China’s African Swine Fever Epidemic Drives up Inflation in March ( South China Morning Post) China’s consumer price inflation rose sharply in March, as the country struggles to contain the impact of an African swine fever epidemic that has sent pork prices soaring. Consumer price inflation rose 2.3 per cent year-on-year, a large increase on February’s figure, when consumer prices rose by 1.5 per cent. Go to article
Medicine & Public Health
Should CRISPR Be Used to Edit Human Genes to Treat Genetic Diseases? ( Hopkins Bloomberg Public Health Magazine ) Gene editing to treat a disease is potentially an important pathway to alleviating suffering, and this research should be continued despite egregious misuse of the technology (a Chinese scientist’s recent claims of editing genes of human embryos). Understanding the safety and efficacy of proposed human somatic cell genome-editing applications in the context of risks and benefits is paramount. Transparent and inclusive public policy debates should come before any use of gene editing beyond treatment or disease prevention. Go to article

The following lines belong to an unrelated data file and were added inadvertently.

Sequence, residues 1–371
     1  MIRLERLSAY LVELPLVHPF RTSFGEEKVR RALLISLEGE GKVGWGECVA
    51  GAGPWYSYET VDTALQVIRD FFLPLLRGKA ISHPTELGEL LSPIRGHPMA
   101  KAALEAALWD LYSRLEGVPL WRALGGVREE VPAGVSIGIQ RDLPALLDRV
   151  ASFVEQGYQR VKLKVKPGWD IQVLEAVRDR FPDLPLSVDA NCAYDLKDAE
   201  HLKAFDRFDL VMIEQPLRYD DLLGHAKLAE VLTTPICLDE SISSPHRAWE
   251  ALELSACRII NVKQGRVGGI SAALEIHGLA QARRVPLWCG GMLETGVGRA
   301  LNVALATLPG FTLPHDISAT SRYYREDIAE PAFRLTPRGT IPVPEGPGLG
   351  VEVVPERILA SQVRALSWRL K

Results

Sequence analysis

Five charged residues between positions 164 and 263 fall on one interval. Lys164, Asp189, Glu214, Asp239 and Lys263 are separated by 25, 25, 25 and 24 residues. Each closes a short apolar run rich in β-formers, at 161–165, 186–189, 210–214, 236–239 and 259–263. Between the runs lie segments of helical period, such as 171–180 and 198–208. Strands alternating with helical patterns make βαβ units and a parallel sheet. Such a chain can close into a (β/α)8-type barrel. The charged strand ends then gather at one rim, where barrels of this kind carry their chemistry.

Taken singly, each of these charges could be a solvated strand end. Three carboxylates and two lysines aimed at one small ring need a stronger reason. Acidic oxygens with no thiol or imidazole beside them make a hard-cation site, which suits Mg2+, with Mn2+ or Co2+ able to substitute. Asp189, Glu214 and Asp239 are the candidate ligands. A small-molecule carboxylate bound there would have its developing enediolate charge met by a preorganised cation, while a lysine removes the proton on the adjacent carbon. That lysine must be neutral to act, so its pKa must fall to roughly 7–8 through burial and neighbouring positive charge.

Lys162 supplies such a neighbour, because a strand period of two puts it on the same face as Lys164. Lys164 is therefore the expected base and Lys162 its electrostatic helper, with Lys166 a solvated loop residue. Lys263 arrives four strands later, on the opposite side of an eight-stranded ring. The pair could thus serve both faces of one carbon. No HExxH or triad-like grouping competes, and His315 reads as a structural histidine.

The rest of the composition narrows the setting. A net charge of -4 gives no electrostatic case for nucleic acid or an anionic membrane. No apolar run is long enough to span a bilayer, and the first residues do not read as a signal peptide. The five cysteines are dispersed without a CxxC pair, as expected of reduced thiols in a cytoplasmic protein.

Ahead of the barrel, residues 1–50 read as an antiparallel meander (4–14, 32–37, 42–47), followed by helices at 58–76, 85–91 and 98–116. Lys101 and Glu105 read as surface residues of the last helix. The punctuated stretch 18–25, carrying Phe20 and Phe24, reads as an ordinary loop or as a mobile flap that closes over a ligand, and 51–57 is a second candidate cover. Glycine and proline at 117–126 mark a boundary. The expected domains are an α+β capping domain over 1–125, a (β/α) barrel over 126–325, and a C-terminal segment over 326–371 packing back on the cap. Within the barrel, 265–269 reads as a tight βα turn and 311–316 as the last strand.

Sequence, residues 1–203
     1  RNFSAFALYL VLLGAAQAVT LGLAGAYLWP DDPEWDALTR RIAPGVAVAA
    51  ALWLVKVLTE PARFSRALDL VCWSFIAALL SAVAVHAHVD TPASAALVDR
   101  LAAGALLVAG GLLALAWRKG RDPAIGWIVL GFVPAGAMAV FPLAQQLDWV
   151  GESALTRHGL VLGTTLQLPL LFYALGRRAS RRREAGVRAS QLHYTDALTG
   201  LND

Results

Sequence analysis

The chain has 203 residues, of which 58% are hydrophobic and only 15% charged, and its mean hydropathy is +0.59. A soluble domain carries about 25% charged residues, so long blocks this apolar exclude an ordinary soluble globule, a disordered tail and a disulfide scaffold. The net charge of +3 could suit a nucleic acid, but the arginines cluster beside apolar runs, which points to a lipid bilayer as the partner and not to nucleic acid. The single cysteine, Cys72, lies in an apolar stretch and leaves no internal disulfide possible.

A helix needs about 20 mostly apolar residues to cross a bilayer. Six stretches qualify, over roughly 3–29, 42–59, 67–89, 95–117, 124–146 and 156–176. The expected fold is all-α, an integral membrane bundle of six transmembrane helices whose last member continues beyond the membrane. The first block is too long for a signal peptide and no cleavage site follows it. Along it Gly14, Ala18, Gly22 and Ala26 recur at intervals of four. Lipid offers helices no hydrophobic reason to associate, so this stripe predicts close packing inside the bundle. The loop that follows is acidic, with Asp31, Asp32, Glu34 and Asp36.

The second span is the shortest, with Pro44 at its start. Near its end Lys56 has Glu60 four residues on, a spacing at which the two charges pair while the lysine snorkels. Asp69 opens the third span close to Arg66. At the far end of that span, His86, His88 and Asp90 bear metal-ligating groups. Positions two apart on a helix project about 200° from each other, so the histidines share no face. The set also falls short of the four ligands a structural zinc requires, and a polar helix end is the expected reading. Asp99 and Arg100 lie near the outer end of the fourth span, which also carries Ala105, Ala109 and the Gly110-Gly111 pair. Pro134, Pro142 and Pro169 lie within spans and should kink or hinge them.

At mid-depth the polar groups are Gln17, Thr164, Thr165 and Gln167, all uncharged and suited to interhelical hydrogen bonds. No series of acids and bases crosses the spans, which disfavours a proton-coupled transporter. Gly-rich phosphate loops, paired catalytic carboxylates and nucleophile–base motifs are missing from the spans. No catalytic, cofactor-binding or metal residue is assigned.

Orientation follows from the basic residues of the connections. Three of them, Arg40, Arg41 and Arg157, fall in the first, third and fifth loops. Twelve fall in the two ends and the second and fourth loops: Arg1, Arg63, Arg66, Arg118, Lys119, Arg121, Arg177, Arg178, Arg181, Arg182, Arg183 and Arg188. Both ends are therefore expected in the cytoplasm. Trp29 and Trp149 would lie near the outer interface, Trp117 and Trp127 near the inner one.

Risk Factors for MERS-CoV Seropositivity among Animal Market and Slaughterhouse Workers, Abu Dhabi, United Arab Emirates, 2014-2017 ( Emerging Infectious Diseases ) Camel contact is a recognized risk factor for Middle East respiratory syndrome coronavirus infection. Because specific camel exposures associated with MERS-CoV seropositivity are not fully understood, we investigated worker–camel interactions and MERS-CoV seroprevalence. We assessed worker seroprevalence in 2 slaughterhouses and 1 live-animal market in Abu Dhabi, United Arab Emirates, during 2014-2017 and administered an epidemiologic survey in 2016 and 2017. During 2014-2017, we sampled 100-235 workers, and 6%-19% were seropositive for MERS-CoV at each sampling round. Go to article
Novel Method for Rapid Detection of Spatiotemporal HIV Clusters Potentially Warranting Intervention ( Emerging Infectious Diseases ) Rapid detection of increases in HIV transmission enables targeted outbreak response efforts to reduce the number of new infections. We analyzed US HIV surveillance data and identified spatiotemporal clusters of diagnoses. This systematic method can help target timely investigations and preventive interventions for maximum public health benefit. Go to article
Science & Technology